In the case of a PCT patent application in which the EPO is the ISA, a search is not carried out for the European regional phase patent application. Thus, a response to a written opinion of the PCT patent application will be required shortly after entry into the European regional phase by an invitation issued from the EPO. The deadline for response will be one month. If a patent applicant fails to respond, the application will be deemed withdrawn, but may be revived upon “further processing.” Given the short period of time for responding, it would be advisable to have a response ready at the time of entry into the European phase. Moreover, European patent prosecution may be initially less expensive if the EPO was not designated as the ISA during the PCT stage, since an immediate response to a non-EPO search report will not be required upon European entry.
Amendment and Search Restrictions
Under the new rules, a patent applicant must provide the basis in the original text for all amendments to the application. If the applicant does not do so, then the EPO will invite the applicant to do so and set a one-month deadline. If a patent applicant fails to provide the requested information, the application will be deemed withdrawn, but may be revived upon “further processing.” This rule change likely will not change current European patent practice very much, as amendments and the basis for them are typically filed in European patent applications.
In European patent applications that contain more than one independent claim of the same category (i.e., product, process, apparatus, use), the new rules will require patent applicants to identify which one of those independent claims are to be searched. The deadline for providing this information will be two months. If the patent applicant does not provide this information, then the EPO will search only the first claim in each category. This rule change will allow patent applicants to provide more direction to the EPO to search the subject matter that is of most interest to them.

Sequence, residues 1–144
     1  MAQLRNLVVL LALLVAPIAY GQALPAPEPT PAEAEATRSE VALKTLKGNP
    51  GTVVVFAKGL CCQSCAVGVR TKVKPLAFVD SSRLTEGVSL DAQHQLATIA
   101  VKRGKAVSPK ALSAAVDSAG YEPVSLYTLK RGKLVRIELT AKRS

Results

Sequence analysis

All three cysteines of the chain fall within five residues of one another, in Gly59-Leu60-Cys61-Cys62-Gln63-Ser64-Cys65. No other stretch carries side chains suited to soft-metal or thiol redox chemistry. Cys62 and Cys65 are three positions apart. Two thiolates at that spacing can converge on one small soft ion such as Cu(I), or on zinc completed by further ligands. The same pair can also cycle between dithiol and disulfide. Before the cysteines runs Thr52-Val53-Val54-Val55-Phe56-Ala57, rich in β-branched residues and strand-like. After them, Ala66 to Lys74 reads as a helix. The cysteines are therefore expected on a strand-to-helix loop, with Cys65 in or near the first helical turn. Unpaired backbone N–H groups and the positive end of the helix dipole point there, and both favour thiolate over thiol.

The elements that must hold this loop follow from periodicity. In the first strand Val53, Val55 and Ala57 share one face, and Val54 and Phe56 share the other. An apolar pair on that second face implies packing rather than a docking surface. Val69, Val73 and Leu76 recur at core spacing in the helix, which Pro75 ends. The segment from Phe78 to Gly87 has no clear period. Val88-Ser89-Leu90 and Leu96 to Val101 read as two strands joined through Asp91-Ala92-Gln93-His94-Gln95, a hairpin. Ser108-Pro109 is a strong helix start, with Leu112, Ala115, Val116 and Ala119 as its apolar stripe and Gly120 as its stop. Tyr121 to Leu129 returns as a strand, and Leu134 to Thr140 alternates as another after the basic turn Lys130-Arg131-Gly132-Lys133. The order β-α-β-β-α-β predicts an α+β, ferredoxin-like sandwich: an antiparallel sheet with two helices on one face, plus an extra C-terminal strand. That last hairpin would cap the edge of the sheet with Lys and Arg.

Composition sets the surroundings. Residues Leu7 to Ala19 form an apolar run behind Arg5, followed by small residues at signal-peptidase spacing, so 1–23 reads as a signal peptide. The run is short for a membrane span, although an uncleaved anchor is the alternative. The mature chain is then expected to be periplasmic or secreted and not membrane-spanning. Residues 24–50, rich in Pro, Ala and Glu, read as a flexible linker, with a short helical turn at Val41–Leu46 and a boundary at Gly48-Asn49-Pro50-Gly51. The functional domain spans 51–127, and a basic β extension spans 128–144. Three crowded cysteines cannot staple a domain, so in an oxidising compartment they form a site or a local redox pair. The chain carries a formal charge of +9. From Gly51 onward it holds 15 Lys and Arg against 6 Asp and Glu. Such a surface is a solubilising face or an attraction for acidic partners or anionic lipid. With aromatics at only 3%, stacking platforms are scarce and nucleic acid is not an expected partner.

In European patent applications that the EPO considers as having claims that are too broad or unclear, the EPO may refuse to perform a complete search. If this situation arises, the EPO will make a declaration that no meaningful search can be performed and will invite the applicant to indicate which subject matter should be searched. The deadline for providing this information is two months. If the patent applicant fails to provide this information, then the EPO will issue a partial search report or a declaration that they cannot carry out any meaningful search. This rule change will also help patent applicants direct the EPO to search the subject matter of most interest to them.
Overall, the European patent practice changes going into effect next year will generally increase the cost of patent prosecution in Europe and place a greater burden for affirmative actions upon applicants for the timely filing of continuations and responses. Applicants for European patents are advised to work closely with patent counsel to effect smooth transitions for their pending and future cases under the new rules.